Plouffe’s minor league career ABs/HR by age:
    25 12.8
    24 26.8
    23 43.0
    22 53.0
    21 55.2
    20 113.8

    That seems like a clear trend of developing power. But while it’s easy to fail to exceed replacement level as a 25 AB/HR guy, it becomes difficult as a 13 guy. That’s 50 HR power. And he’s showing it in the majors.

    (3) He’s always had a decent approach at the plate.

    Never had a redflag strikeout issue or a notable lack of taking walks, both the kind of issues you might expect might be exploitable by major league pitchers.

    (4) He does not appear to have the “hitting for average” tool.

    He once hit .274 over a season. Popouts turning into homers should give him a slight boost, but this issue probably isn’t going anywhere. Learn to love .245.

    Comment by patrick — July 21, 2011 @ 10:44 am

  15. From Gleeman’s top 40 ranking this year:

    “At this point it’s pretty safe to conclude that Plouffe simply can’t hit.”

    Let’s all hope we can rip him for this at some point.

    Comment by JD — July 21, 2011 @ 12:27 pm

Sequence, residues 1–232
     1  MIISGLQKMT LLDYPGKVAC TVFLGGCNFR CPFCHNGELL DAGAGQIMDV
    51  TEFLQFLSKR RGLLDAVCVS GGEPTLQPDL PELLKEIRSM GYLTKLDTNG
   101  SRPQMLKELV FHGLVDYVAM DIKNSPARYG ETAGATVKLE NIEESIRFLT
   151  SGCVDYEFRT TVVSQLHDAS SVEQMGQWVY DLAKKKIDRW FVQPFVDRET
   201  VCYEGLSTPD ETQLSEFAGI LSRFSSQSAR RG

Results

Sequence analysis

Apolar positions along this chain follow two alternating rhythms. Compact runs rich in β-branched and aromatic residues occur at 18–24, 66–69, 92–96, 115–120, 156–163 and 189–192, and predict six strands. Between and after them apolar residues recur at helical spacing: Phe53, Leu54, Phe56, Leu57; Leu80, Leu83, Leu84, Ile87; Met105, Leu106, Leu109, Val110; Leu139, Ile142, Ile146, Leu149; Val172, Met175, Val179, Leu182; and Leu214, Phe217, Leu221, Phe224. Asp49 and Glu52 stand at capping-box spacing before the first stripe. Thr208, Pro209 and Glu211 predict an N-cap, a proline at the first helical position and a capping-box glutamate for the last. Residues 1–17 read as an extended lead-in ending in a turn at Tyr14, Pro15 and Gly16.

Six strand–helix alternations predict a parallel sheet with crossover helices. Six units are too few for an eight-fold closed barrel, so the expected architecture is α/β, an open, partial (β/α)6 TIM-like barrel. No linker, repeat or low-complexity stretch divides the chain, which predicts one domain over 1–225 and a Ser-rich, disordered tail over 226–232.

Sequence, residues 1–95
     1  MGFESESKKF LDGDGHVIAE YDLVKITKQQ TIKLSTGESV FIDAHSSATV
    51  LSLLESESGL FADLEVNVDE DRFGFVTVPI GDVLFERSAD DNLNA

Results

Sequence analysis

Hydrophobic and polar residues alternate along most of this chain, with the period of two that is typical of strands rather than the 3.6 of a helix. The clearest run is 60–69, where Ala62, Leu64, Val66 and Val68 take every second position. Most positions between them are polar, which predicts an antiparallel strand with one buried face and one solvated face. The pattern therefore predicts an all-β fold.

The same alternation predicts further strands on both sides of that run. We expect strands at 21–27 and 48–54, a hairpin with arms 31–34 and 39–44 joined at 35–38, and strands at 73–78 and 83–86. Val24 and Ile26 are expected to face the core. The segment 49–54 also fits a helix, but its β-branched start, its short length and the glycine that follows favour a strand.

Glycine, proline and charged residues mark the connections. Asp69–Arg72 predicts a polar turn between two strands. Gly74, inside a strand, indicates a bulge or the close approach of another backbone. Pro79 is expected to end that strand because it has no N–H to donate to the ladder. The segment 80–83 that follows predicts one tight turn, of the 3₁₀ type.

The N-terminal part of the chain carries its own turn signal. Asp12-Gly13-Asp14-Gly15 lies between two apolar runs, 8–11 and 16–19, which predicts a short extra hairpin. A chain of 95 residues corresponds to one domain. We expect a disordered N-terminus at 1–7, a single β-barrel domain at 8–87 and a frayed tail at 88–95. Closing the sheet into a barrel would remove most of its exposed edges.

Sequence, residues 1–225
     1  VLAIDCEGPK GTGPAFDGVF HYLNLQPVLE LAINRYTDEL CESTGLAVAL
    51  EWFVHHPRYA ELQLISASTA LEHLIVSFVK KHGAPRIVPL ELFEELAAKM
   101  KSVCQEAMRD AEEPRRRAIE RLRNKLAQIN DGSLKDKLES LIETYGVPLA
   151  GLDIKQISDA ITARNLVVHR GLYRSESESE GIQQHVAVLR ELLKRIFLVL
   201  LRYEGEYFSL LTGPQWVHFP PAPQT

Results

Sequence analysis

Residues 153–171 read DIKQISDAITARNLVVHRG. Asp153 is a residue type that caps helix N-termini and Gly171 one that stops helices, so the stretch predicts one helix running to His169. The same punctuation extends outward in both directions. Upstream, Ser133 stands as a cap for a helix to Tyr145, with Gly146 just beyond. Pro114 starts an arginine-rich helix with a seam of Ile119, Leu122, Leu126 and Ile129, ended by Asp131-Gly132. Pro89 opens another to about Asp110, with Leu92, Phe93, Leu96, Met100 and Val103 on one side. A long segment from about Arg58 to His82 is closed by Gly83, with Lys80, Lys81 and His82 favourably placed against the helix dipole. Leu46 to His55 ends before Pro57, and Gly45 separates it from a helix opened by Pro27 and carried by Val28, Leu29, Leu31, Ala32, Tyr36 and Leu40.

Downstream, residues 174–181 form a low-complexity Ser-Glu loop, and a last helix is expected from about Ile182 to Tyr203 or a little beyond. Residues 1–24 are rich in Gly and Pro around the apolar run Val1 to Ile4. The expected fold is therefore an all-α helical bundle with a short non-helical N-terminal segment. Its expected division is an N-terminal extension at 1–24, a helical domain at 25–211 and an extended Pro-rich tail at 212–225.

16. can he catch? Lets find out

    Comment by sd twin fan — July 21, 2011 @ 12:42 pm

  17. Question, I’m basically assuming Cuddyer is going to be back next season and Kubel will not. Now the Twins are really left handed, but would letting Kubel go in favor of Cuddyer be the correct choice? If Plouffe continues to hit isn’t he basically Michael Cuddyer with likely better defense at the exact same positions and below average at shortstop, while making the minimum?

    Assuming Delmon is not traded and only one of Cuddyer and Kubel is returning, wouldn’t it look better having a left handed power bat to go with Revere, Span, Delmon and Plouffe, to add another dimension to the outfield/DH rotation? The infield (assuming it remains the same) is a righty with pop, a lefty with pop, and two slap switch hitters coupled with Mauer, two lefty singles hitters and a couple righties with power potential, I see a need for a younger lefthanded bat with pop more than an aging righty.

    Comment by knucka11 — July 21, 2011 @ 9:20 pm

  18. http://overthebaggy.blogspot.com/2011/07/power-of-plouffe.html

    Comment by Parker — July 21, 2011 @ 10:03 pm

  19. Another weak hitting night by the Twins. Hitters 2 through 4 in the lineup went 5 for 12. Unfortunately, Ben Revere was batting leadoff again and went 0 for 4. His on-base percentage is now worse than Nishioka’s.

    Comment by Pedro Munoz — July 21, 2011 @ 11:29 pm

  20. I’d like the Twins to give Plouffe a chance as a Ben Zobrist type supersub. Play him all over the field and keep his bat in the lineup.

    Comment by Zack — July 22, 2011 @ 12:38 am